Expanding the Serenade Ecosystem: Dictate Mode, Improved Natural English Formatting, and Embedded Editor Support
Software developers write more than just code–we write documentation and reviews, emails and Slack messages, tweets and blog posts. And, when we do write code, it isn’t always in an IDE–we could be honing our skills on LeetCode or iterating on a model in Jupyter. Serenade is a powerful way to write code with voice in an editor and terminal, and with the new features we’ve added in the latest release, it’s a great way to write everything else, everywhere else too.
One of our top requested features has been a persistent dictation mode for writing long stretches of text without having to say “insert” or “dictate” before each phrase. We’re excited to bring dictation mode to the latest release—to start using it, just say “start dictating”. Serenade will then automatically convert everything you say afterward into an “insert” command until you say “stop dictating”.
Common commands like “go to” and “undo” will still work as usual in dictation mode, and the option to insert those words will appear as alternatives as well.
The latest update also introduces an improved text styling model to capture the differences in the ways we format text in prose vs. in code. These include things like capitalizing the word “I” and words at the beginning of sentences, as well as adding spaces after punctuation marks like periods and commas.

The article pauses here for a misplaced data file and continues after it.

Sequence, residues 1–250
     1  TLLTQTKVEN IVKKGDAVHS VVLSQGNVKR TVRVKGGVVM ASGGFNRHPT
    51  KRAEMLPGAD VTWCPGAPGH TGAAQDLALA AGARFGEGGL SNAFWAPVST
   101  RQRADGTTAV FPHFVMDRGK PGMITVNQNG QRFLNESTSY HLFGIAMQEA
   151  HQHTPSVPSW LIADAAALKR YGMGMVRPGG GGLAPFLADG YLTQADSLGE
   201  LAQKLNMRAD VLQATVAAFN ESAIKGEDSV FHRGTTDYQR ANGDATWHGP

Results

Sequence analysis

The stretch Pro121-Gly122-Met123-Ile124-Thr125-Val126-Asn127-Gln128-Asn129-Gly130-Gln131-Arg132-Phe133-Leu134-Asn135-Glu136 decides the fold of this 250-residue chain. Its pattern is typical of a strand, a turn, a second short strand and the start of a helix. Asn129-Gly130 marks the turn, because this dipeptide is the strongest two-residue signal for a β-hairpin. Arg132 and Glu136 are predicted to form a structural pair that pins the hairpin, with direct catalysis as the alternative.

Because we trained this new natural English model on thousands of public READMEs, comments, and more, we know how to style things like variable names in code blocks (for instance, to add
$HOME, just say “dollar home”).
Whether you’re editing a text or Markdown file in a supported editor or using an application without a Serenade plugin (like Slack or Discord), all of your insert commands will use this new model and be automatically formatted the way you expect.
We’ve also added the ability to switch which model Serenade uses to edit your files. To switch language modes, just say “python mode” or use the new switcher by clicking the language icon in the Serenade app. You can return to automatically detecting the current language with the “auto mode” command.
Deeper accessibility integration
Finally, we’ve improved our integration with macOS and Windows accessibility APIs to better edit text in applications without an official Serenade plugin. We’ve also expanded our Chrome extension to better interact with in-browser code editors that you find on websites like LeetCode or repl.it, as well as in environments like Jupyter and Google Colaboratory. These updates can help you use Serenade everywhere you work.
We’ll continue to iterate on all these new features in the future—refining our new models and making Serenade available on more native apps. Until then, be sure to join our active community and let us know what you think!